Telltale Games' video game adaption of Bill Willingham's Fables comic books has finally come to an end. Now that all the episodes of Telltale's The Wolf Among Us are available, it seems appropriate to judge the series as a whole.
Just in case you've been preoccupied while the episodes came out individually, here's the premise: The Year is 1986, and fairytale creatures called Fables have been living in New York to hide from a tyrant who took over their magical world known as The Homelands. They use a magic spell called Glamour to disguise themselves and make their existence hidden from mundane humans (or "mundies" for short) Those who can't afford Glamour are taken to a place called The Farm.
You are Bigby Wolf, the sheriff who maintains law and order in Fable Town. Before Bigby took on the role of sheriff, he was known as The Big Bad Wolf. Try as he might to put his past behind him, the rest of Fable Town is hesitant to forgive or even trust Bigby. After a murder is discovered by director of operations Snow White, Bigby is the one tasked with solving the mystery.
It's here that you decide how to approach this mystery and what methods you use. Do you want Bigby to be a just and diplomatic enforcer of the law? Or do you want him to be feared? Do you want to uphold the rules knowing that someone's life will be negatively affected by it? Or do you want to look the other way for their sake? If their adaption of The Walking Dead is any indication, Telltale has a knack of putting their players in tough moral choices. There are no "right" or "wrong" answers. Tempted as you may be to reload your last save and make a different choice, you'll benefit more from living with your mistakes and seeing the consequences.
The basic gameplay consists of walking around and interacting with characters and objects. While this is a graphic adventure game, You won't find yourself solving puzzles or exploring. In fact, there's many times when you'll feel like you're watching a movie rather than playing a game.
While you play the role of a detective, you won't find yourself conducting investigations or confronting suspects with evidence that much. There are only two moments where Bigby has to use his investigatory skills to uncover the truth. The first is an interesting game of catching the suspect's lies in his story with evidence that you find in his home. The second instance is sadly not as interesting. You'll find that each episode follows a basic formula: you choose where you want to go, you choose what you want to say to the suspects, you get in a fight with a belligerent perp, and you're left with more questions raised than answered. After awhile, you might even wonder whether or not your input makes a difference. Gameplay is very streamlined with a lack of any puzzles or action. The game employs some button mashing quicktime events to keep the pace going, but they quickly become tedious and frustrating. There's just a lack of variety to keep you interested for very long.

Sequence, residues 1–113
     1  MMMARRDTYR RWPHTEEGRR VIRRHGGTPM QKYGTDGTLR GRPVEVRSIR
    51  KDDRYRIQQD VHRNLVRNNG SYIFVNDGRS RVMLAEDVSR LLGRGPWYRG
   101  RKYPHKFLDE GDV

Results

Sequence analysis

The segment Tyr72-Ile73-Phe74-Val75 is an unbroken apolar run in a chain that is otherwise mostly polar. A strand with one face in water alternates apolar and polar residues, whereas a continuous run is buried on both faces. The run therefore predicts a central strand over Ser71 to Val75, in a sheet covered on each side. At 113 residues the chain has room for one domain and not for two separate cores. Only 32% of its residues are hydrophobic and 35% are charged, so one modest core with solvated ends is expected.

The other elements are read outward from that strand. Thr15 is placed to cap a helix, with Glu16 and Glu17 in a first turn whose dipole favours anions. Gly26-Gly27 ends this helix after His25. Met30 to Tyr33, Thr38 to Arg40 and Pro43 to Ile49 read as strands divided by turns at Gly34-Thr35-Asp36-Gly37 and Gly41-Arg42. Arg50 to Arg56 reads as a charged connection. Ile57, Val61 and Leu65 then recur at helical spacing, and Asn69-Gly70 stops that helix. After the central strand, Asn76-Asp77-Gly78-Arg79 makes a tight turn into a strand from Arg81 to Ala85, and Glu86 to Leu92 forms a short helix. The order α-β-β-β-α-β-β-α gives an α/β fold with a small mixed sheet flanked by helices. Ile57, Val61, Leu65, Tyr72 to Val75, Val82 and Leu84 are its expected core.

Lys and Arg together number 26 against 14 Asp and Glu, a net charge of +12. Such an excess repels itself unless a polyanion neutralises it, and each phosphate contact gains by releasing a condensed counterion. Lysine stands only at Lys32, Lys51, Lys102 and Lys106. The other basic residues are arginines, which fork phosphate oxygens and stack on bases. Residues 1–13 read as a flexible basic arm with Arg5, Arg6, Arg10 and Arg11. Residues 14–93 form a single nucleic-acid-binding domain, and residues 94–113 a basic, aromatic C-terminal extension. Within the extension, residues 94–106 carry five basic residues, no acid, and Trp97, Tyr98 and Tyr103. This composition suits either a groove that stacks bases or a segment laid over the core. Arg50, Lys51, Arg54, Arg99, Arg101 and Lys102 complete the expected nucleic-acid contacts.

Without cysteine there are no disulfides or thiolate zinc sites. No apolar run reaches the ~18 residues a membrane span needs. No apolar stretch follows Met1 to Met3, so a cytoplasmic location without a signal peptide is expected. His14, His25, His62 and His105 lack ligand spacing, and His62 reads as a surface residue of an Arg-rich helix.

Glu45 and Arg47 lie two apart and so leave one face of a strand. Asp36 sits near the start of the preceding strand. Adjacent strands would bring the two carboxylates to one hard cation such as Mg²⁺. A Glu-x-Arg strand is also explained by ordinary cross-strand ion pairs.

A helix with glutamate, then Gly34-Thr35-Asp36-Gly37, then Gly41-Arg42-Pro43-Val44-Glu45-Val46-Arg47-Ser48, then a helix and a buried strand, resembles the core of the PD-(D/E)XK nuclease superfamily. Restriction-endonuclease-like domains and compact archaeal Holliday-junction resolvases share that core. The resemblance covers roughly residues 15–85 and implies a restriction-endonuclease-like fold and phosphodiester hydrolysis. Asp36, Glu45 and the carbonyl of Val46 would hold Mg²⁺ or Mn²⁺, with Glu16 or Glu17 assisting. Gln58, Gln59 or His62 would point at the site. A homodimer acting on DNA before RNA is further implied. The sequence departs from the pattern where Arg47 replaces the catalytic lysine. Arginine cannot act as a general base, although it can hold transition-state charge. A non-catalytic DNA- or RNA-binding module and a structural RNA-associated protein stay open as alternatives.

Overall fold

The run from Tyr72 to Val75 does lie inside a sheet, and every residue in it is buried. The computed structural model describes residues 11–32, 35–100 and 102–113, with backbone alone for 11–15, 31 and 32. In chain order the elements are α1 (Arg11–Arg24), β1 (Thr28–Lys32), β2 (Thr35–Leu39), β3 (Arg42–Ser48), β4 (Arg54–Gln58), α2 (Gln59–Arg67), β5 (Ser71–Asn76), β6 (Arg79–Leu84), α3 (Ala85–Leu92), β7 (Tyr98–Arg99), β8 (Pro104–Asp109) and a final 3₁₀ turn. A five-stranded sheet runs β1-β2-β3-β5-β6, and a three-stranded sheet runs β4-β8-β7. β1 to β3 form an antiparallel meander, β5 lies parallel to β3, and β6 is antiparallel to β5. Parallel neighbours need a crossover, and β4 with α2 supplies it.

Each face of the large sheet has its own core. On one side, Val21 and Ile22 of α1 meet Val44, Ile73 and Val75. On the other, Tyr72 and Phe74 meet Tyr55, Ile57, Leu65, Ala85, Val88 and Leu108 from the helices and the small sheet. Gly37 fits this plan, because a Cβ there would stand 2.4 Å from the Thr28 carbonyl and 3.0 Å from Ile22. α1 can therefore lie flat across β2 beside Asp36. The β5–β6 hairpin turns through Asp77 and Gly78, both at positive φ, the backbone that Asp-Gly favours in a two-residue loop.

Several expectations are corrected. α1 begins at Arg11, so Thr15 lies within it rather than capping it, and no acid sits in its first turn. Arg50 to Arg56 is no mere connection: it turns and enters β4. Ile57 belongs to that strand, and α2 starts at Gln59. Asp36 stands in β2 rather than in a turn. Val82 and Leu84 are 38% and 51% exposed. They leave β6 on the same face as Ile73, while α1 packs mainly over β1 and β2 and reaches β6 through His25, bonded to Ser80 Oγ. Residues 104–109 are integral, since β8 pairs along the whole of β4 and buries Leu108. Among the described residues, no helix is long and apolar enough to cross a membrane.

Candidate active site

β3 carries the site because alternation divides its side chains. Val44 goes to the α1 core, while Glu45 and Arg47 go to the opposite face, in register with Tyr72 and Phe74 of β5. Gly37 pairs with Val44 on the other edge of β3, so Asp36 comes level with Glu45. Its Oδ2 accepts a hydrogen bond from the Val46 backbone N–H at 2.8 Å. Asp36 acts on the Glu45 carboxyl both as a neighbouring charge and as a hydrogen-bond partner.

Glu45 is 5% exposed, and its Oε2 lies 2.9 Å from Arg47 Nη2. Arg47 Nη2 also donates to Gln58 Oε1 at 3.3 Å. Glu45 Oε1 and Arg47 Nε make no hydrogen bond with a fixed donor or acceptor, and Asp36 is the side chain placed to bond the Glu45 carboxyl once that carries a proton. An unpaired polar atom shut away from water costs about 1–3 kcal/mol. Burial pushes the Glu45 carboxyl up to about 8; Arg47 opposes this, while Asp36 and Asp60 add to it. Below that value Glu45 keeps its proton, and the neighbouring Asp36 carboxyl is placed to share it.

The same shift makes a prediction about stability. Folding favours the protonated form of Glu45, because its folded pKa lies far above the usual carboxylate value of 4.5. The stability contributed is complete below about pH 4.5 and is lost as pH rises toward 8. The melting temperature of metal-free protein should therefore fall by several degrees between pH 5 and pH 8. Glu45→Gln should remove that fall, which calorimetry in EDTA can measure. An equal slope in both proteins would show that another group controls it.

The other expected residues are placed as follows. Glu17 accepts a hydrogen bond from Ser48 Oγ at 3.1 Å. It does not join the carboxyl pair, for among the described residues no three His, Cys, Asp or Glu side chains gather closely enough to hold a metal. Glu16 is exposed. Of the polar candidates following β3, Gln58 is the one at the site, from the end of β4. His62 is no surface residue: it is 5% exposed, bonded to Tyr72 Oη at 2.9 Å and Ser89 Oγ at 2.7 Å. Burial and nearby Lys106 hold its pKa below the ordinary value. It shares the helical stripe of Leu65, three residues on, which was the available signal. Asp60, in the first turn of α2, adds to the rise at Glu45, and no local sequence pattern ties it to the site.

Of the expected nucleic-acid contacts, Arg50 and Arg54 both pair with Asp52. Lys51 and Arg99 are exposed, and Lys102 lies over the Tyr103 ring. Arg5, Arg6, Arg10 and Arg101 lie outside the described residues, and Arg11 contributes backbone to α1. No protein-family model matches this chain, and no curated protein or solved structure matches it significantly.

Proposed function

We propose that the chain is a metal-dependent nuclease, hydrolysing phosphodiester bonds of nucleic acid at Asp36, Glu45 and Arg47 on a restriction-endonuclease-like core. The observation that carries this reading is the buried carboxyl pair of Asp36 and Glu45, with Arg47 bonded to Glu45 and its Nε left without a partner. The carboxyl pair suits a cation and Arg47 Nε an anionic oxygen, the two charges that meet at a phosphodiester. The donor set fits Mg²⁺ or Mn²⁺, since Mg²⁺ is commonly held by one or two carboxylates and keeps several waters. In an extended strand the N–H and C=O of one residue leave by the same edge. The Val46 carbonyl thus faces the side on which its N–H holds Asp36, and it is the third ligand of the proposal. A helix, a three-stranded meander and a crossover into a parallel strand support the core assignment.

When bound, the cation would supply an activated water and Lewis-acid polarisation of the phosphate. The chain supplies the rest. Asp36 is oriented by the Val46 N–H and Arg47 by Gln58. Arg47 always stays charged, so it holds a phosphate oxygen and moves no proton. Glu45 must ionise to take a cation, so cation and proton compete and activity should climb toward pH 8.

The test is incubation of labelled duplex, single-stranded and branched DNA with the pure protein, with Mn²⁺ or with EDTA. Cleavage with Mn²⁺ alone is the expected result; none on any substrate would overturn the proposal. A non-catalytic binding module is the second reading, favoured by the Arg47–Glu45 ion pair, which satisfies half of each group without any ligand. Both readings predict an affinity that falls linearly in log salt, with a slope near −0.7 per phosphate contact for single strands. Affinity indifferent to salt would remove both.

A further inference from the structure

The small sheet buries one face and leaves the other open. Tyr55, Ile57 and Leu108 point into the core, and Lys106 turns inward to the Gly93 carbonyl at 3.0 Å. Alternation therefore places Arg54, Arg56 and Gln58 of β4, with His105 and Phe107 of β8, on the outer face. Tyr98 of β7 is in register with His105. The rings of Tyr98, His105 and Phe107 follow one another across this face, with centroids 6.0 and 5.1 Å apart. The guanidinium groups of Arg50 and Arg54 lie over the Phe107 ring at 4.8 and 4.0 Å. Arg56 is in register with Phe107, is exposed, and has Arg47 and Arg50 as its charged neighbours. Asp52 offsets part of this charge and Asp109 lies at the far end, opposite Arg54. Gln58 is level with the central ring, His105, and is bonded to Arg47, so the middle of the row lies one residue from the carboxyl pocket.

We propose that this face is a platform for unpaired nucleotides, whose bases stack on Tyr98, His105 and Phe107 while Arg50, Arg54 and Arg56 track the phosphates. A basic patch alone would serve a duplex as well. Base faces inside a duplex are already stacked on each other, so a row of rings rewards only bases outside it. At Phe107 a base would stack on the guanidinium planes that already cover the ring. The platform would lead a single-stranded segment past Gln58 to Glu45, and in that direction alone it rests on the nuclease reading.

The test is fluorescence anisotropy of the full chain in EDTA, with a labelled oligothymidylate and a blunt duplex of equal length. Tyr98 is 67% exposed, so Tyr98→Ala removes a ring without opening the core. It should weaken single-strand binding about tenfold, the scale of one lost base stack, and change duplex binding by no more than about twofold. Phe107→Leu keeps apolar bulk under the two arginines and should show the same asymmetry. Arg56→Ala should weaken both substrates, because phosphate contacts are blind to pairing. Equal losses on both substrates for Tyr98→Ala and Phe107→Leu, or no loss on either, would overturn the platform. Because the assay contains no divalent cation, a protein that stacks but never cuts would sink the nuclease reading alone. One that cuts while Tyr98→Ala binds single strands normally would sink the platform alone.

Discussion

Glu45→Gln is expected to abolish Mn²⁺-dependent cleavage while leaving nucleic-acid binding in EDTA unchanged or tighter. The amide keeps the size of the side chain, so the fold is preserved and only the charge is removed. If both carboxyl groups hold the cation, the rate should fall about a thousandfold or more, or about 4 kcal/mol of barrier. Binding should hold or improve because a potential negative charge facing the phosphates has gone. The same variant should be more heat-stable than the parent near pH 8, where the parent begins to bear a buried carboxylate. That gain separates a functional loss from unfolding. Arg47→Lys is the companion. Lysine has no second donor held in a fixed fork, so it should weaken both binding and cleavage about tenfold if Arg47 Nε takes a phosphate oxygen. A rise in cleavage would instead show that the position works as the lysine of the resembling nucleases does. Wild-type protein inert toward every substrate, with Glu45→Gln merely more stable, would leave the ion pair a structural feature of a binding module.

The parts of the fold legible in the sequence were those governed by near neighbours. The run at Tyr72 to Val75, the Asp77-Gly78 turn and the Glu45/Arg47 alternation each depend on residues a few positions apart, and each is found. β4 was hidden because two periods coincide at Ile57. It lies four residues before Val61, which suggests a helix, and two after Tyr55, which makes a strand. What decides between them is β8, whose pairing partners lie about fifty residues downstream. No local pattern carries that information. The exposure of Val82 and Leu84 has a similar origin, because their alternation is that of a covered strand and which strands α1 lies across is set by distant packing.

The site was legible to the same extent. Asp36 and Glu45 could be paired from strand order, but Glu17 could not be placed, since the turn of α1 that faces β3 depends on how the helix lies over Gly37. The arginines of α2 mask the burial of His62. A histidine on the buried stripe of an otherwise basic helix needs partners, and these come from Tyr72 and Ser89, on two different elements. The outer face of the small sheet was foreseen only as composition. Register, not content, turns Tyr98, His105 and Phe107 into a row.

On the bright side, every interaction you have with the suspects leaves an impression. Every character is a foul mouthed and twisted interpretation of stories that you may have read in preschool. Beauty and Beast are a quarreling couple living in debt, The Little Mermaid is a call girl trying to make ends meet, and Ichabod Crane is a corrupt and ineffectual government official. You'll likely find yourself wanting but unable to save them from the misery and gloom that surround them. Other times you'll probably find yourself chuckling at some of the charming dialogue and chemistry between Bigby and Snow.
As a whole, the series is a little uneven, but good while it lasts. The series starts strong, dips a bit in the middle, and ends on a satisfactory albeit bittersweet note. Though not without its weak points, The Wolf Among Us provides a rich world with interesting folklore and ethical dilemmas. If you're curious as to whether or not this series is for you, you can get the first episode for free on Xbox Live, iPad, or iPhone. A marginal recommendation.